With school starting in less than a week, bus driver Lisa deMolitor knows she will be driving her usual route in Nova Scotia's Shelburne County -- but she still isn't sure what that will look like.

"I worry about my pre-primary and primaries that have never been on a bus. They're the ones that they may be crying that first day, and I'm going to help transition them from mommy's arms to the school," deMolitor said. "They're going to be nervous and I want to be able to put them all at ease, but I don't have the answers."

The Nova Scotia government has outlined guidelines for school bus providers, including National Passenger Services in Dartmouth -- one of three that services schools in the Halifax Regional Municipality.

"Every student has to wear a mask as well as the driver whenever they're on the bus or getting on or off," said Darryl Amirault of National Passenger Services. "Anything more than that, we don't want the students to see, we don't want to create any anxiety for them, so we're keeping it as low key as we possibly can."

That includes multiple cleanings a day, before and after students are picked up in the morning and dropped off in the afternoon.

"The backs of seats are very common for kids to be grabbing onto so we'll be washing all those down, spraying them with disinfectant," Amirault said.

Amirault confirms they have received many questions from drivers, and done their best to answer them in a comprhensive document that they wrote with input from the province and medical officials.

"Drivers have a lot of anxiety, just like the students do, around returning to school," says Amirault. "So we've done everything we can to mitigate that for them, all the different things we've gone through with testing, and getting to this point where we have the right procedure."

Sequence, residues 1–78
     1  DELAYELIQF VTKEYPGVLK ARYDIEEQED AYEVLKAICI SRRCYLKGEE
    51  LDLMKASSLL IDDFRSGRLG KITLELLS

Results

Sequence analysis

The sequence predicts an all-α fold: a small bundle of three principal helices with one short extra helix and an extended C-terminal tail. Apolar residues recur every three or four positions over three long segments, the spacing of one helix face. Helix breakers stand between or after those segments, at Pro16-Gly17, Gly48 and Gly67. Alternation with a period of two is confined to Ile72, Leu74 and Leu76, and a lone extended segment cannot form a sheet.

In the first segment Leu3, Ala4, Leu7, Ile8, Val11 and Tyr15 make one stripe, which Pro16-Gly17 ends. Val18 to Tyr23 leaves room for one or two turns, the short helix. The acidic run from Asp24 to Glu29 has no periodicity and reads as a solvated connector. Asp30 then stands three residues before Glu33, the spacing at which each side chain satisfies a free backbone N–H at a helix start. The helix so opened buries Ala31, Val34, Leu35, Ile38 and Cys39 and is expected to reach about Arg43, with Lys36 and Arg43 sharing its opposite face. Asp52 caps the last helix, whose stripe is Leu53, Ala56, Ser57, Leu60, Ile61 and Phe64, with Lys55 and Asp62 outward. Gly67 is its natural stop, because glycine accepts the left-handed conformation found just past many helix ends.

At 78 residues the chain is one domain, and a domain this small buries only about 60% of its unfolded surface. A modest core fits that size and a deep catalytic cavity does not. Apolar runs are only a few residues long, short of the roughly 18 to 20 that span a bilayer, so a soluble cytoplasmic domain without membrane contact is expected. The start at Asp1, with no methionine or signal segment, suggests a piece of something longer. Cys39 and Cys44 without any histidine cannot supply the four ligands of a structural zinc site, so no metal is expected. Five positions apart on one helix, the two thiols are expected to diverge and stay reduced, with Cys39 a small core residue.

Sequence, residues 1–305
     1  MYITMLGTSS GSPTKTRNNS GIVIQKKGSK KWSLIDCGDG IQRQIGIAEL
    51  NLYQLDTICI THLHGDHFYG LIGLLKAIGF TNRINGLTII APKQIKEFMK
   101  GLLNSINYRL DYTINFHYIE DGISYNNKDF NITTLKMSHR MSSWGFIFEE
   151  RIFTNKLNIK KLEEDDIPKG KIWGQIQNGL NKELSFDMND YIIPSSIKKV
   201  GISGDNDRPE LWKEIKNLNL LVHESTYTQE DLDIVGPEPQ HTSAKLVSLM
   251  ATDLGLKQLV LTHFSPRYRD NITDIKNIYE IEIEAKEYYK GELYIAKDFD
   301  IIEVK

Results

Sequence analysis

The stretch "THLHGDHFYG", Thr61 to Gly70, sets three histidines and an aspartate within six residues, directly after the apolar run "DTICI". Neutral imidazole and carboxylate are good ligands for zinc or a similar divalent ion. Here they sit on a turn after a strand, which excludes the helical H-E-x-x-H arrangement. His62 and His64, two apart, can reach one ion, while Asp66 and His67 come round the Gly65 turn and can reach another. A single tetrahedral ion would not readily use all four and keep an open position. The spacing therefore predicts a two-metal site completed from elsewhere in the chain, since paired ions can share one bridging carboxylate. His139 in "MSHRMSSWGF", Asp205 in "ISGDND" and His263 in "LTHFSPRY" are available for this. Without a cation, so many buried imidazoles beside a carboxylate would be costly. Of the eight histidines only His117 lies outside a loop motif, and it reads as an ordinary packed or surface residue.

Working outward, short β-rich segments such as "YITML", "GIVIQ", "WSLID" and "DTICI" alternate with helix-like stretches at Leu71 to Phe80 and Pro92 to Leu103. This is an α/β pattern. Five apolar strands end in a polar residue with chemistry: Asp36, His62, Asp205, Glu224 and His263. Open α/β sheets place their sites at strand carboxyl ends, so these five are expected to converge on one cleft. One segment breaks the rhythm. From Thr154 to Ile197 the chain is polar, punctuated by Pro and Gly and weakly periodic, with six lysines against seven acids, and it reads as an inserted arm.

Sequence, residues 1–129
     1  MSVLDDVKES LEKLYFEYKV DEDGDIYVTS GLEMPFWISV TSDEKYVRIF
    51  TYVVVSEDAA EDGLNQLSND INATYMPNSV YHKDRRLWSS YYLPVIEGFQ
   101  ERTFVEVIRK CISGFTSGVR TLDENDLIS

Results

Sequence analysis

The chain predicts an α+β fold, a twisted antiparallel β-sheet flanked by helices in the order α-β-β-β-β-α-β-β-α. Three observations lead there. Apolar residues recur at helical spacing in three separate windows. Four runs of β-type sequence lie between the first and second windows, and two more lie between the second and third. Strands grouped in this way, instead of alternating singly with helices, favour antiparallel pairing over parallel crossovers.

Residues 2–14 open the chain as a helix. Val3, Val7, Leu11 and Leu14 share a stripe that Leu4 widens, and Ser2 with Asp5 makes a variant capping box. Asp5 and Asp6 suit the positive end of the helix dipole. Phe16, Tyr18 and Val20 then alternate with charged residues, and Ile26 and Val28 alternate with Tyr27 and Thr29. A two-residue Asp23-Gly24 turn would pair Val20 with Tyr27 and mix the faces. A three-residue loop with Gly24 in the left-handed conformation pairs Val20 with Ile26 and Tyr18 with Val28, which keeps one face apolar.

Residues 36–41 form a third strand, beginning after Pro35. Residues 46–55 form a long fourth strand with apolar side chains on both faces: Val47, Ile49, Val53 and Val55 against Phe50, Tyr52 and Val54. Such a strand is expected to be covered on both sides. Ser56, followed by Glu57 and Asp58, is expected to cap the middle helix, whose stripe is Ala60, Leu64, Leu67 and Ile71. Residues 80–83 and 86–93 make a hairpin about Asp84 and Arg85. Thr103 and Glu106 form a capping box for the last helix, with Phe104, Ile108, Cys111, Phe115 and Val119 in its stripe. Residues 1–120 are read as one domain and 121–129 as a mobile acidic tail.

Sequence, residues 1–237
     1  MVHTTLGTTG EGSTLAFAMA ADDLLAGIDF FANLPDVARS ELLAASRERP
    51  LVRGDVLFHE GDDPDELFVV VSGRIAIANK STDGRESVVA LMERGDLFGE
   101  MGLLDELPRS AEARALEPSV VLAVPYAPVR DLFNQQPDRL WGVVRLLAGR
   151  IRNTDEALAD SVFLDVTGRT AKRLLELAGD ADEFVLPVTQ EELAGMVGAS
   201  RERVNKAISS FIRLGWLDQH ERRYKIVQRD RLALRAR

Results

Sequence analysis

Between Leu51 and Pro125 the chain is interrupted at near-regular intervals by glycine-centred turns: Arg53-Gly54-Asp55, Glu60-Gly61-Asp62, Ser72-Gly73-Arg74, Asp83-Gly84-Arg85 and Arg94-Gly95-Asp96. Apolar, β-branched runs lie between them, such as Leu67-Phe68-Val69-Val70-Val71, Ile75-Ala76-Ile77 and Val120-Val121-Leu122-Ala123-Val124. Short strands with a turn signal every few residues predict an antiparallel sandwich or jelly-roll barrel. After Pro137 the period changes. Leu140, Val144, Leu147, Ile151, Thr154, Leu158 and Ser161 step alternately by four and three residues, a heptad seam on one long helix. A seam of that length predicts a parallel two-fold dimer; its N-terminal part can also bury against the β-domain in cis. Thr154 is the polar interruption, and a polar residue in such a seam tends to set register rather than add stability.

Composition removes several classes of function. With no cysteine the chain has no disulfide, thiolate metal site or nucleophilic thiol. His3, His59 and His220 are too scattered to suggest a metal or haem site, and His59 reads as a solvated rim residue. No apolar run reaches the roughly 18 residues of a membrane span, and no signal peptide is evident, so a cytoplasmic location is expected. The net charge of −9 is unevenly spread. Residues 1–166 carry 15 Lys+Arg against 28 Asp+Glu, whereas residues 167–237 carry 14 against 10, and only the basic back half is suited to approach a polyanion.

But deMolitor, who doesn't work for National Passenger Services, says she has many concerns.

"It's not consistent across the province," she said. "I talk to other bus drivers and other people in the education system across the province, it's different, how long I get to clean my bus versus how long they get. We all have the same bus, the same size and the same structure -- we need the same amount of time."

There is also the issue of how the mandatory mask policy will be enforced.

"From what I understand, we can't enforce it," says deMolitor. "There are going to be children that just can't wear a mask for whatever reason, so that concerns me."

Amirault says drivers do have the option of notifying the school if there is an ongoing problem with a student refusing to wear a mask.

Nan McFadgen is the president CUPE Nova Scotia and she has concerns because bus drivers already have a difficult job -- and now it's going to be even more challenging.

"There's not going to be physical distancing on the bus," McFadgen said. "There's no PlexiGlas in the back of the driver; we're told that's something that can't be done, although we understand in other provinces it is being done."

Outside of Halifax, buses are run by the local centres for education, and drivers like deMolitor belong to the Canadian Union of Public Employees.

"We've been trying to get answers to government for four months now and I still can't stand here and give you a complete picture of what our staff, including our bus drivers, can expect, because we don't know," McFadgen said.

But despite all the concerns, deMolitor says that driving her bus is a labour of love, and she is looking forward to the first day of school.

"Yes I have concerns, but on Tuesday, I'm going to have the biggest smile on my face under my mask, so hopefully it reaches my eyes, and every one of my kids will feel safe and feel okay. As normal as possible," says deMolitor.

With the first big test less than a week away, time is running out for drivers to get answers.